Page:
Humayun was thus left in possession of his father's recent conquests, which were in dispute with the Indian Afghans under Sher Shah, governor of Bengal.
After ten years of fighting, Humayun was driven out of India and compelled to flee to Persia through the desert of Sind, where his famous son, Akbar the Great, was born in the petty fort of Umarkot (1542).
Sher Shah was killed at the storming of Kalinjar (1545), and Humayun, returning to India with Akbar, then only thirteen years of age, defeated the Indo-Afghan army and reoccupied Delhi (1555).
The tomb of Humayun is one of the finest Mogul monuments in the neighbourhood of Delhi, and it was here that the last of the Moguls, Bahadur Shah, was captured by Major Hodson in 1857.
Under the name of Humayun Nama (Imperial Book) 'Ali Chelebi made a highly esteemed translation of the well-known Persian Classical classic Anvar-i Suheyli, dedicating it to Suleiman I.
Baber's son, Humayun, agreed to cede Kandahar to Persia, but failed to keep his word, and the Persians besieged the place unsuccessfully.
He was succeeded by his son Humayun, who is chiefly known as being the father of Akbar.
Humayun was driven as an exile into Persia; and, while he was flying through the desert of Sind, his son Akbar was born to him in the petty fortress of Umarkot.
But Sher Shah was killed at the storming of the rock-fortress of Kalinjar, and Humayun, after many vicissitudes, succeeded in re-establishing his authority at Lahore and Delhi.
He was born at Umarkot in Sind on the 14th of October 1542, his father, Humayun, having been driven from the throne a short time before by the usurper Sher Khan.
After more than twelve years' exile, Humayun regained his sovereignty, which, however, he had held only for a few months when he died.
At the time of the assault he fled to the Tomb of Humayun, 6 m.
In addition to these twenty-seven vizirs with portfolios, there were some titulary vizirs at court, like Vizir i Huzur i Humayun (minister of the imperial presence), Vilir i makhsus (extraordinary minister), &c., and a number in the provinces assisting the governors in the same way as, the grand vizir assists the shah.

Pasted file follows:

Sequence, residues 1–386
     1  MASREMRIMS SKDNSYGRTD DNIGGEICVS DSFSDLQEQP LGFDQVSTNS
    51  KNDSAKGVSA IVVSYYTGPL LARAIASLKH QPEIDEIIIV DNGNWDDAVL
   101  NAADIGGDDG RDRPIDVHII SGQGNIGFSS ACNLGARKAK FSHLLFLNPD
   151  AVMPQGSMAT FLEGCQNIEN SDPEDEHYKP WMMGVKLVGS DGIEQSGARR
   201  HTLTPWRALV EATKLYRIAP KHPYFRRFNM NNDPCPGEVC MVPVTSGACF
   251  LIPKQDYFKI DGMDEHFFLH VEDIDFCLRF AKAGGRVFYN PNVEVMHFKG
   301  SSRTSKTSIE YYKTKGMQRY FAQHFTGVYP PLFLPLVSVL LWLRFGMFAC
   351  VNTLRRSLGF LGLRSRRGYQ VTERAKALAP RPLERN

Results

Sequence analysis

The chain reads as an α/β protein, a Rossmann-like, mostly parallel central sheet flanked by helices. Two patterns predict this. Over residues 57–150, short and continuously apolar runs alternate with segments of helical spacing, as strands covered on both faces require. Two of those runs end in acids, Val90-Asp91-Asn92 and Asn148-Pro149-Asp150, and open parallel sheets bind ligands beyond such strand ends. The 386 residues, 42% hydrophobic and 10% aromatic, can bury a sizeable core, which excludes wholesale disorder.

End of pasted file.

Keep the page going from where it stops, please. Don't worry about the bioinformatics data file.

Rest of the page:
And the actual seizure of Herat, necessitating the recovery of that city and a march to Kandahar (1536); the temporary loss of Kandahar in the following year (1537), when the governor ceded it to Prince Kamran, son of Babar; the hospitable reception accorded to the Indian emperor Humayun (1543); the rebellion of the shahs brother next in age, Ilkhas, who, by his alliance with the sultan, brought on a war with Turkey (1548);i and finally a fresh expedition to Georgia, followed by a revengeful incursion which resulted in the enforced bondage of thousands of the inhabitants (1552).
Baber's capital was at Agra, but his son and successor, Humayun, removed it to Delhi.
In 1540 Humayun was defeated and expelled by Sher Shah, who entirely rebuilt the city, enclosing and fortifying it with a new wall.
In 1555 Humayun, with the assistance of Persia, regained the throne; but he died within six months, and was succeeded by his son, the illustrious Akbar.
That of Humayun, the second of the Mogul dynasty, is a noble building of rose-coloured sandstone inlaid with white marble.
Humayun died by an accident in 1556, leaving but a circumscribed kingdom, surrounded on every side by active foes, to his son Akbar, then a boy of only fourteen years.
India thus passed again from the Afghans to the Moguls, but six months afterwards Humayun was killed by a fall from the parapet of his palace (1556), leaving his kingdom to Akbar.